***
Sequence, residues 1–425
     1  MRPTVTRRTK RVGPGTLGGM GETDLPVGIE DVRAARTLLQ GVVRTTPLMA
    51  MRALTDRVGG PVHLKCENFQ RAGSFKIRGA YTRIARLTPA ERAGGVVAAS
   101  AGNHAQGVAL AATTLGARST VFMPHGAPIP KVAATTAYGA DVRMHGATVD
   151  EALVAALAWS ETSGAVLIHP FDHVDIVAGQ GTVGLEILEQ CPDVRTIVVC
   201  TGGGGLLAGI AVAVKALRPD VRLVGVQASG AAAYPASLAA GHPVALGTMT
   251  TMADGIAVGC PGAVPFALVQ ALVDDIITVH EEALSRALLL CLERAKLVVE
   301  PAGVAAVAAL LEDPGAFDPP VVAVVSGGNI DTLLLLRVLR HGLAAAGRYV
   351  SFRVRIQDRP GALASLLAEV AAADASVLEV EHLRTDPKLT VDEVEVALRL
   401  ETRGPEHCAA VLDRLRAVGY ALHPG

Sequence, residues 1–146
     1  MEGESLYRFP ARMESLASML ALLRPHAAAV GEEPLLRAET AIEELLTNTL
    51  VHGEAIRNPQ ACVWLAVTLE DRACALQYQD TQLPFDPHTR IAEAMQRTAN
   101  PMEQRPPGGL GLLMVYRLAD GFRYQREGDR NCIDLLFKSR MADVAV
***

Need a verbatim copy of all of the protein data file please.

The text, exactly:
Sequence, residues 1–425
     1  MRPTVTRRTK RVGPGTLGGM GETDLPVGIE DVRAARTLLQ GVVRTTPLMA
    51  MRALTDRVGG PVHLKCENFQ RAGSFKIRGA YTRIARLTPA ERAGGVVAAS
   101  AGNHAQGVAL AATTLGARST VFMPHGAPIP KVAATTAYGA DVRMHGATVD
   151  EALVAALAWS ETSGAVLIHP FDHVDIVAGQ GTVGLEILEQ CPDVRTIVVC
   201  TGGGGLLAGI AVAVKALRPD VRLVGVQASG AAAYPASLAA GHPVALGTMT
   251  TMADGIAVGC PGAVPFALVQ ALVDDIITVH EEALSRALLL CLERAKLVVE
   301  PAGVAAVAAL LEDPGAFDPP VVAVVSGGNI DTLLLLRVLR HGLAAAGRYV
   351  SFRVRIQDRP GALASLLAEV AAADASVLEV EHLRTDPKLT VDEVEVALRL
   401  ETRGPEHCAA VLDRLRAVGY ALHPG

Sequence, residues 1–146
     1  MEGESLYRFP ARMESLASML ALLRPHAAAV GEEPLLRAET AIEELLTNTL
    51  VHGEAIRNPQ ACVWLAVTLE DRACALQYQD TQLPFDPHTR IAEAMQRTAN
   101  PMEQRPPGGL GLLMVYRLAD GFRYQREGDR NCIDLLFKSR MADVAV